‘Labour’s shadow cabinet reshuffle: Not everything is as clear as it looks’

Tom Belger
Shutterstock / onair
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Over by lunchtime on MPs’ first day back at Westminster. That fact alone says a lot about Keir Starmer’s shadow cabinet reshuffle, though we should spare a thought for more junior frontbenchers still awaiting their fate.

The shakeup proved his authority “beyond doubt”, as The Times’ Patrick Maguire notes, with Starmer ruthlessly “cracking the whip to demonstrate who is boss” (Mirror editorial).

‘More Blairites than Blair’ – but note the exceptions

Pundits across the spectrum agree – this was all about “the rise of the Blairites” too, with the left “vanquished, the soft left enfeebled”. As one MP quipped to Maguire – even Blair didn’t have this many Blairites in his cabinet.

From the rise of Pat McFadden as shadow chancellor of and Liz Kendall at work and pensions, to the “bruising” demotion of Lisa Nandy, Jon Ashworth and Rosena Allin-Khan, Labour’s right-ward march continues, and with remarkably limited public dissent. Ed Miliband’s and Angela Rayner’s survival in key posts is notable however, albeit perhaps only reflecting “their own power bases”.

Lou Haigh remains in charge of more radical policies on buses and rail.

Was Nandy demoted for her politics or just for Rayner?

But was Nandy’s demotion really just about her soft left politics? The i’s Paul Waugh reports hostile claims she looked “disengaged” and didn’t provide sufficient policy ideas or “detail”, and perhaps her leadership run made her a threat in the eyes of some senior figures.

Yet another source called criticism “manufactured”, highlighting a good relationship with Starmer, radical ideas on planning – and calling her “collateral” from the crucial hunt for a post acceptable to both Starmer and Rayner.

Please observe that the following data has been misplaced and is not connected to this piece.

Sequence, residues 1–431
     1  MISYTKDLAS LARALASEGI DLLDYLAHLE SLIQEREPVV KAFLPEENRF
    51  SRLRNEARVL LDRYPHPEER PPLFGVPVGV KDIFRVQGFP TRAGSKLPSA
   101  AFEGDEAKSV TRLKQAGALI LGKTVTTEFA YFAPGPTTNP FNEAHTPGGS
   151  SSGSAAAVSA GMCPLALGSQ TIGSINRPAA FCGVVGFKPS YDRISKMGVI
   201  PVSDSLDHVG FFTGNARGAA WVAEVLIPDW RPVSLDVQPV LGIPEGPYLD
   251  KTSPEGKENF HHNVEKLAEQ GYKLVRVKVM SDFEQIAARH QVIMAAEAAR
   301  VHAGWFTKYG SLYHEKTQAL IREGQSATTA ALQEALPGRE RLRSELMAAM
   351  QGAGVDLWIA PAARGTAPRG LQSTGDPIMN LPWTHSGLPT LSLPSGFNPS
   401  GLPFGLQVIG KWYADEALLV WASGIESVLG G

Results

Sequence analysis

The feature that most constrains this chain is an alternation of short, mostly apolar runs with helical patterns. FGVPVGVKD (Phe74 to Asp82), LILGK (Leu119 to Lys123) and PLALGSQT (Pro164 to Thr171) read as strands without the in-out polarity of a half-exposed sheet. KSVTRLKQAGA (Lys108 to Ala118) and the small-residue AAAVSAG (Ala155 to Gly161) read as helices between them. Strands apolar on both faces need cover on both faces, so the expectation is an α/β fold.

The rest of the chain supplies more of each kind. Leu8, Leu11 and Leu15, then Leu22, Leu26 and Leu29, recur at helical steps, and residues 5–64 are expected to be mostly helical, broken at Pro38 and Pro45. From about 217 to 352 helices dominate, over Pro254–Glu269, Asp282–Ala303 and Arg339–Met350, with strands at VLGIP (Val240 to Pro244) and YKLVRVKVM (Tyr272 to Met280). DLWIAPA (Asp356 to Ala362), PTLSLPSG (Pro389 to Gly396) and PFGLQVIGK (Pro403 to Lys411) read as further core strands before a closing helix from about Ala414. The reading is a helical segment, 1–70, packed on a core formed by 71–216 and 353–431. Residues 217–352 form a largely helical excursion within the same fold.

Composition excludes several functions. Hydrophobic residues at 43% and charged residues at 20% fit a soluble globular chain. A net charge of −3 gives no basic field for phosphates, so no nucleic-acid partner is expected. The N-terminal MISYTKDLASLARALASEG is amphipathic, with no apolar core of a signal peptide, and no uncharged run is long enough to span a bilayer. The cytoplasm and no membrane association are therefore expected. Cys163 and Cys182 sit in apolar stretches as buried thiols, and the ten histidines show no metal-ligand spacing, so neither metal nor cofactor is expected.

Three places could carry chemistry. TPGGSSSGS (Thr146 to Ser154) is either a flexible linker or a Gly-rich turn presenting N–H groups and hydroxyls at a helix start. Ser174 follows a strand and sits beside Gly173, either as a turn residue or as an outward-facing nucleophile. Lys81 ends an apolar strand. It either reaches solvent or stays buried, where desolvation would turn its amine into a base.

Does Rayner emerge more powerful, or less?

It’s unclear too if deputy PM-in-waiting Rayner really emerges with her “status enhanced”, as Waugh suggests, or has rather been sidelined and distanced from Labour’s “command centre….without explicitly demoting her”, as Rachel Cunliffe argues in the New Statesman.

And while Tribune’s Taj Ali says unions will be reassured she retains oversight of workers’ rights reforms, the Institute of Employment Rights’ Ben Sellers told LabourList he fears her revised titles suggest a “further diminution of workers’ rights”.

Serious and strategic, or in need of ‘new thoughts’?

Former Ed Miliband adviser Ayesha Hazarika says Labour circles are “delighted” by a “serious, smart and articulate team”,and the i’s correspondents say appointments like Steve Reed’s to the environment brief show “strategic decisions around how it can best attack the Conservative record”.

Yet the shakeup prompted fresh anger and calls for more radicalism and pluralism from left-wing voices like Momentum, Compass and former Jeremy Corbyn adviser Andrew Fisher. The Guardian editorial too even argued the reshuffle highlights a “crisis in centrism”, with “new thoughts” needed to tackle issues from strikes to NHS backlogs to poverty.

The Mirror editorial warns questions will be asked “all the way up to the election” about how Labour will revive battered public services, and urges “radical and credible” policy. The announcement by Labour-run Birmingham city council, so mired by crisis Labour HQ intervened earlier this year, of its effective bankruptcy this morning underlines the point.

As Waugh concluded: “Starmer still has the difficult task of balancing his twin aims of reassuring some voters he can be trusted with the nation’s finances and promising others he has the radicalism to make a big difference.” Amen to that, and do send us your thoughts on the outstanding questions from the reshuffle –  [email protected].

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